When Twitter announced that they are planning to make some changes to how people use the site, almost everyone was concerned that the platform will not let them see the number of likes and retweets a post has. The panic started when some Twitter users assumed that Twitter will finally be doing what its CEO, Jack Dorsey, had been saying since October 2018 — the removal of likes.
The confusion prompted Twitter to respond via a series of tweets.
“Hi! We’ve been rolling out quite a few things this week, so understand how this could be confusing,” Twitter Comm tweeted. “Quick clarification: Yesterday, we started giving people access to our prototype app twttr which we’re using to test new ideas and get feedback. Putting likes and retweets behind a tap is just an idea to help make conversations easier to read.”
Twitter isn’t removing the like button or hiding engagement stats
It’s now clear that Twitter isn’t removing the like button, so everyone can relax. What’s happening is that:
- Twitter has developed a prototype app called “twttr.”
- Features are being tested on twttr, not on Twitter.
- Features that are tested include hiding engagement stats such as likes and retweets behind a tap.
- The like button is not removed.
On Twitter, everything remains the same, although there’s the new hide tweet feature I’m going to explain later. People can still see the number of likes and retweets a post has gotten, so they can still determine the popularity or unpopularity of a tweet in one glance. These stats are primarily used to determine the “Ratio,” so hiding them will not eraser this unofficial but famous Twitter rule.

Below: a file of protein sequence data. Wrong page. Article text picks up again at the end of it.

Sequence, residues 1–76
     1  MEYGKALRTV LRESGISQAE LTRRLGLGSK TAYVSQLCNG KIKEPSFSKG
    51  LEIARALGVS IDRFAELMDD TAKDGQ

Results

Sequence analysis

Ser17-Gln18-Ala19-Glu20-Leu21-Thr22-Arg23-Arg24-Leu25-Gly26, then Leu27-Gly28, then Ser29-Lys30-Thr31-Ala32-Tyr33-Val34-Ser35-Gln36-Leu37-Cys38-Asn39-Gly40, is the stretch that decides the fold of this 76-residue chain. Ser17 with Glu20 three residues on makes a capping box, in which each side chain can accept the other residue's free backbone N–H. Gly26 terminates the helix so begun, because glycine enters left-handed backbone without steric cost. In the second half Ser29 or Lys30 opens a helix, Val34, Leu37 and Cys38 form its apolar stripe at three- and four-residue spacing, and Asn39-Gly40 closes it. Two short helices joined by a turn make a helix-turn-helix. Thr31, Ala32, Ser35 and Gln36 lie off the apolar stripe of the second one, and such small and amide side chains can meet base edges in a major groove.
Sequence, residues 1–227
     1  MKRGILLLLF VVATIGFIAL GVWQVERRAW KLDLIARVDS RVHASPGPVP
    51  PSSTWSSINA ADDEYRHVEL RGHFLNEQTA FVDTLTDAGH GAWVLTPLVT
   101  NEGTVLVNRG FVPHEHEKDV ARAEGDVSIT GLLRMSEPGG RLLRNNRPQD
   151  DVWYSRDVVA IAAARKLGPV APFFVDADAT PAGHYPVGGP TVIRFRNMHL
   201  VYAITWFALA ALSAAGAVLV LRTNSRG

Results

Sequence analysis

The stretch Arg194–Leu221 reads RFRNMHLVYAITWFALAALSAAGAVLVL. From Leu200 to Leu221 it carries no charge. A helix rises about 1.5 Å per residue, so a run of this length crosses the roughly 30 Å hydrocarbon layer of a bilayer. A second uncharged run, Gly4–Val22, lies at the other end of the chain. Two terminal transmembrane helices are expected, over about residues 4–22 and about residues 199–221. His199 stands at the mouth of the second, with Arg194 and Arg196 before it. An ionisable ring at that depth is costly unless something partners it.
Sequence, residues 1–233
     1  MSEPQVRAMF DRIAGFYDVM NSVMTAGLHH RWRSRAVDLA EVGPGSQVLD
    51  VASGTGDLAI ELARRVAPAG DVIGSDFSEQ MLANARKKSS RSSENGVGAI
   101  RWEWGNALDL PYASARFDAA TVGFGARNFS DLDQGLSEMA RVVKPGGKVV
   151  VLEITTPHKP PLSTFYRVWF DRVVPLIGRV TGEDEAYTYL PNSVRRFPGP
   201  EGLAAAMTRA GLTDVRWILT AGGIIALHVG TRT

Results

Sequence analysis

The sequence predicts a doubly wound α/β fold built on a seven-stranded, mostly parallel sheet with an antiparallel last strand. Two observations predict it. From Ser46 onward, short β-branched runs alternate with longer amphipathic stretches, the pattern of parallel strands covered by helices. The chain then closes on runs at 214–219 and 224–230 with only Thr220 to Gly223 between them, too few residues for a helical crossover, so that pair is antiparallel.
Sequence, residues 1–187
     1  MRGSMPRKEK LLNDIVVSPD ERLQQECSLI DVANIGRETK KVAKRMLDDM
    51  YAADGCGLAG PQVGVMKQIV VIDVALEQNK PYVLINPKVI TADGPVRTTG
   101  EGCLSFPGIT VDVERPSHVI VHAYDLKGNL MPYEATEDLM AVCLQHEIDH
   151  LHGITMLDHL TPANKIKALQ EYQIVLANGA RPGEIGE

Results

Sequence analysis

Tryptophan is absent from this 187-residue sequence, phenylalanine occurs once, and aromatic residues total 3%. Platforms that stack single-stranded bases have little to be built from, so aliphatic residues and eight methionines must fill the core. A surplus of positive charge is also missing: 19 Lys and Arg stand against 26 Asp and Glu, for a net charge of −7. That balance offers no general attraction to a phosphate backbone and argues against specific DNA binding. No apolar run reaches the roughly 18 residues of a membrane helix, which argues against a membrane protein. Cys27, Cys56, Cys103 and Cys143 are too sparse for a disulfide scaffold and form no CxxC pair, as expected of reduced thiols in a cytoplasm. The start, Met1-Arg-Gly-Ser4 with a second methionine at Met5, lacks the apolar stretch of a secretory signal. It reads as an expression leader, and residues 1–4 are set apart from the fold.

The hiding of the likes and retweets are on twttr, along with a new thread-like appearance of conversations. Whether these changes will be rolled out to Twitter, only Dorsey and his team can tell.
Hide Tweet feature
Twitter’s effort to fight trolls and abuse on the platform has resulted in numerous tools and updates. In fact, the site revealed a new feature that allows users to hide replies to their tweets. If you don’t like someone’s reply to one of your tweets, you can simply hide it. The upside is that users will have more control of their feeds by hiding comments from trolls and abusers.
However, critics say that the feature can be used by public figures to stifle legitimate comments and reactions. Users can also use the feature to hide opinions they don’t agree with, which could significantly distort echo-chamber conversations on the platform.
Twitter users can still “unhide” the comments though, but they won’t see them at first glance, and important replies might be missed.
Yasmeen Haq, senior product manager at Twitter, implied in a tweet that the hide tweet feature is in response to the need of heavy tweeters to protect their conversations.
She also stated that they “think this can balance the product experience between the original Tweeter and the audience.”
All these new features and tools that Twitter have been testing and rolling out are all under the guise of fostering healthy conversations, although most Twitter users are critical. Some are even saying that it’s an act of censorship and limiting free speech.